Raising a glass for the day of the drams

From masterclasses to cocktails, there’s a range of ways to toast World Whisky Day

Take flight: masterclasses and whisky flights can all help spark interest in the category

Whisky masterclasses, tastings, flights, cocktails – those are just some of the ways in which pubs and bars can get involved in this year’s World Whisky Day on Saturday May 18.

And those that do, stand to benefit – not just on the day itself, but by attracting new consumers to the category longer term.

That’s the message from the firms behind some of the biggest Scotch whisky brands, who say marking the occasion with special events or drinks can help make whisky more accessible to a broader range of consumers.

“It’s all about encouraging people into the bar in a fun and inviting way,” said Teddy Joseph, whisky specialist at Edrington-Beam Suntory, whose whisky portfolio includes Islay’s Bowmore and Laphroaig, Orkney’s Highland Park and Speyside’s The Macallan.

“Hosting different events enables consumers to try a variety of serves and find one which suits them, whether neat, with a dash of water or with a mixer in a cocktail; while a special menu can help outlets encourage new consumers into the category by providing them with the opportunity to try a wide range of different whiskies and experience the versatility of the liquid for themselves.”

Creating cocktails to celebrate World Whisky Day was also advocated by the team at Tullibardine Distillery in Perthshire, which has joined forces with bartender Joe Cobbe from the Register Club in Edinburgh to compile a series of both simple and more adventurous whisky serves (see recipes below) featuring its core malt, Tullibardine Sovereign.

“Sovereign’s creamy, delicate flavour makes it a great choice for a cocktail base as it complements but doesn’t overpower the other ingredients in the serve,” said Tullibardine master blender Keith Geddes.

“World Whisky Day is a great opportunity to intrigue customers using various serves to showcase the versatility of Scotland’s spirit. As core to our distillery’s values, we’d recommend that you embrace experimentation – the beauty of working with whisky is that there are so many ways to enjoy it.”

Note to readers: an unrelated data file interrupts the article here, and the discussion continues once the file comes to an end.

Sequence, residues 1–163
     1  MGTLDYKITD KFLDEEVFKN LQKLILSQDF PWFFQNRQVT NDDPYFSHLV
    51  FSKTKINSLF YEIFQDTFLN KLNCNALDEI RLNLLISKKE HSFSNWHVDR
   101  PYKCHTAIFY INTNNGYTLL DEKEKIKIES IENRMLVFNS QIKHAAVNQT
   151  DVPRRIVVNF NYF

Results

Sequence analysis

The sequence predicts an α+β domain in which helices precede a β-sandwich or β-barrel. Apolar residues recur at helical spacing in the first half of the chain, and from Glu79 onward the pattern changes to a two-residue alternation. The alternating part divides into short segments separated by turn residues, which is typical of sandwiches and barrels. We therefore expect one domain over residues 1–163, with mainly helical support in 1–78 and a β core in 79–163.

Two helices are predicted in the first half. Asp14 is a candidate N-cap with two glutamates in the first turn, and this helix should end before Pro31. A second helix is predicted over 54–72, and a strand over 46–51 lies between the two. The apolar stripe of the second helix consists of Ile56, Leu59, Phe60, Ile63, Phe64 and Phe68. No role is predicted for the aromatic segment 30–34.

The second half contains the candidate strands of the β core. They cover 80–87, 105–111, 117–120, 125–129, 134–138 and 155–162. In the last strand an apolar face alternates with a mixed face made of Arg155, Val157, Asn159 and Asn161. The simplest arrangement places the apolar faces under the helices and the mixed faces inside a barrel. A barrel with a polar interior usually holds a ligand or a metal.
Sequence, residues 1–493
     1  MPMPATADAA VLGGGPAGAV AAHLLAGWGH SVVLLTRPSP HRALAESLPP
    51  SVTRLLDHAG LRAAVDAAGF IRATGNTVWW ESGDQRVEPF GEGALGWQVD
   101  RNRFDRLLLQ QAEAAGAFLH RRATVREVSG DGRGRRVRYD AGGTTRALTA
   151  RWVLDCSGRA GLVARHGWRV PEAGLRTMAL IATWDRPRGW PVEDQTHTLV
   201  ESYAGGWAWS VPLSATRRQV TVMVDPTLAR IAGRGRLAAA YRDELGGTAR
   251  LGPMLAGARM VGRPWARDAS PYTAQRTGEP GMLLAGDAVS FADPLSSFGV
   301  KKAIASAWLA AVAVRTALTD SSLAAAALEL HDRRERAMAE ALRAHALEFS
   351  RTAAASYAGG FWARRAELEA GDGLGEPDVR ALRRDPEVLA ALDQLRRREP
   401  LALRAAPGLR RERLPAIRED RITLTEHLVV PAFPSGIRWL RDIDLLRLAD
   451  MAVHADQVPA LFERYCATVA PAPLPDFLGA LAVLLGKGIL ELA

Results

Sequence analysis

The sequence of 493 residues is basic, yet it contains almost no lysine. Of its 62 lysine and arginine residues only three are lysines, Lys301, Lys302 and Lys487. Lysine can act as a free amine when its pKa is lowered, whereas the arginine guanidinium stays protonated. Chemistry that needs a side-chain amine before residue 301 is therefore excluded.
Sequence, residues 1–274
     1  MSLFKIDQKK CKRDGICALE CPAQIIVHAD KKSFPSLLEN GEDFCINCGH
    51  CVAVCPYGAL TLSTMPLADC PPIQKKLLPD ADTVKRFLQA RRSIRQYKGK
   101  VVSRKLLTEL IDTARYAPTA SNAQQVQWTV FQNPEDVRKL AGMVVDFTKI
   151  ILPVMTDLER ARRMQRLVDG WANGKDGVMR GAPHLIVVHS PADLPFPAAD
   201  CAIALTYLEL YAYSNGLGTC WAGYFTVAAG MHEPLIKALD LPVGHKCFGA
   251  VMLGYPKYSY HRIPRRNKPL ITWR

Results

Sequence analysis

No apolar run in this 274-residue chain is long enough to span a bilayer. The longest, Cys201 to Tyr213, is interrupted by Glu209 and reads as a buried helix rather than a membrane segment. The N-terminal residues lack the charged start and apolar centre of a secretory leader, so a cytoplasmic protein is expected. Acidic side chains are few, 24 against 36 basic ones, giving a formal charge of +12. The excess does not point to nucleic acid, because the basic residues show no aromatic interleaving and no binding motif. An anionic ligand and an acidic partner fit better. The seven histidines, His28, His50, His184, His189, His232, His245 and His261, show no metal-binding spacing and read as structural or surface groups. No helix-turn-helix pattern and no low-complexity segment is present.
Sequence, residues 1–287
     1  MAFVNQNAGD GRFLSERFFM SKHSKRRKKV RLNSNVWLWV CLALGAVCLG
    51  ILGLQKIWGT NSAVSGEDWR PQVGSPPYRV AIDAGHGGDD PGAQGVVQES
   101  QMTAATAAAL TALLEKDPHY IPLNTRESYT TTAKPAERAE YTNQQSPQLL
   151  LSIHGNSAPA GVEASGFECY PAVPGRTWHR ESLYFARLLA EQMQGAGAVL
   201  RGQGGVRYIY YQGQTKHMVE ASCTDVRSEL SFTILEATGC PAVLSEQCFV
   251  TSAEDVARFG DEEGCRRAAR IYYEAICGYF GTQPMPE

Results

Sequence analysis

Experimentation was also highlighted by Amy Burns, global marketing manager for whisky at Distell – parent company of whiskies like Tobermory and Islay’s Bunnahabhain, who said exploration is becoming a “long-term driver of growth” in the category.

With the consumer trend for drinking ‘less but better’ continuing, Burns said pubs and bars are responding with increasingly extensive ranges; but she warned that “the breadth of the offering can be daunting” for some.

“Bar staff play a key role in helping consumers successfully navigate the category,” she said.

“By explaining the flavour profile of whiskies rather than the production methods, consumers can make informed choices; by using a common language, new drinkers can discover what they like and learn about each liquid’s point of difference, flavour and provenance story.

“A carefully-curated whisky menu which features and highlights a wide range of varieties, regions, styles and price points, will allow consumers to make an informed choice. A key thing for display on the back-bar is ‘eye level is buy level’; ensure your range of whiskies is visible to maximise sales. Alternatively, the cocktail is a great practical way of giving consumers more confidence about trying a whisky for the first time.”

Whisky mixes

• Stiùireadair Fizz

50ml Bunnahabhain Stiùireadair

20ml rhubarb and rosehip syrup

Dash of bitters


Top with soda


• Highland Citrus

60ml Tullibardine Sovereign

2 dashes pepper bitters

15ml acidified grapefruit

15ml grilled citrus

10ml gomme syrup

10ml lemon juice

Glass: cocktail.

Method: stir in a mixing glass, then pour into cocktail glass over ice.

Garnish: mint sprig and lemon twist.